Blanket Is CO2 Absorber, Fertilizer and Kiln
Hikers in some areas know them well, and so does anyone with intense yard work experience: the slash pile. A new high-tech blanket developed promises to transform these awkward plant scrap mountains into several useful green products.
Since the piles contain stumps and other woody chunks, sawmills and paper mills have little use for them. Hauling the material offsite to be processed into fuel would be cost-prohibitive. Usually the slash piles that are especially common in the Pacific Northwest are either left to rot or subject to controlled burning in order to prevent forest fires. Can you say "excess CO2 emissions?"
To prevent that, University of Washington chemical engineering professor Daniel Schwartz, along with students that included forestry resources PhD candidate Jenny Knoth, looked for a way to make fuel from slash piles without having to move them. They came up with what they're calling a "pyrolysis blanket" that wraps around the pile, causing the waste to smolder into a charcoal-like substance.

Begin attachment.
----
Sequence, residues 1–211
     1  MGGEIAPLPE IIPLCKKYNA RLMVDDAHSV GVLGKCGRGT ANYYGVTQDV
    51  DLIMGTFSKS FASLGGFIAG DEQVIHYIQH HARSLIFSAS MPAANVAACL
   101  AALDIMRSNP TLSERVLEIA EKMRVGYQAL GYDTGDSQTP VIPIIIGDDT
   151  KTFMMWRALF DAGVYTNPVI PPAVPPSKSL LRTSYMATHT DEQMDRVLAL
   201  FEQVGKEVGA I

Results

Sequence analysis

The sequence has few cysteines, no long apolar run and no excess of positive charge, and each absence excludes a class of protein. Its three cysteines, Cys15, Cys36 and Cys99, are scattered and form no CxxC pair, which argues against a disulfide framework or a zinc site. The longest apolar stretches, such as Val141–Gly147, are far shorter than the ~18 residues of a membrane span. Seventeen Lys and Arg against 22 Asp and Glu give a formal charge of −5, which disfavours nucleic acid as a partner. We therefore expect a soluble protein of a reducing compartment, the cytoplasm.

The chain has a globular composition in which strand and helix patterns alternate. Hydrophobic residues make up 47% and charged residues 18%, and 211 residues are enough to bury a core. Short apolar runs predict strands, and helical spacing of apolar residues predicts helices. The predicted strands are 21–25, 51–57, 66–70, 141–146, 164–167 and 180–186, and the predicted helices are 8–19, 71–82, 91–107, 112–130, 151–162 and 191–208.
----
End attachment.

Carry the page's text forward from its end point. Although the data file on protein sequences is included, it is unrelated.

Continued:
The blanket is made from a heat-resistant laminate that's also impermeable to air. Adjustable vents in the material allow for the airflow to be controlled depending on the desired effect, according to Mara Grunbaum of Ecomagination.com. When a slash pile is burned under the blanket, the lack of oxygen creates a form of solid carbon known as "biochar."
Knoth, along with fellow students Ken Faires, Derek Churchill, Nate Dorin and John Tovey III, created a startup now known as Carbon Cultures to further develop the blanket. Last year they received a $50,000 National Science Foundation grant for support.
Readers familiar with biochar know the stuff as a potential geoengineering approach because making it prevents CO2 formation. When added to soil, biochar boosts agricultural yields so farmers, landscapers and gardeners love and value it. Biochar can also be burned as a greener alternative to mined coal.
The Carbon Cultures team says its blanket can process small slash piles into biochar within a day, and they call the low-cost technology easy for forestry crews to use. This summer the students plan to test their blanket on large slash piles and make adjustments to reduce soot and emissions further from the process, Grunbaum reported. Just in time for outdoor grilling season.
Photo: Slash piles like this one at Taylor Mountain in Washington could be transformed into fuel with a new blanket in development. Credit: Monty VanderBilt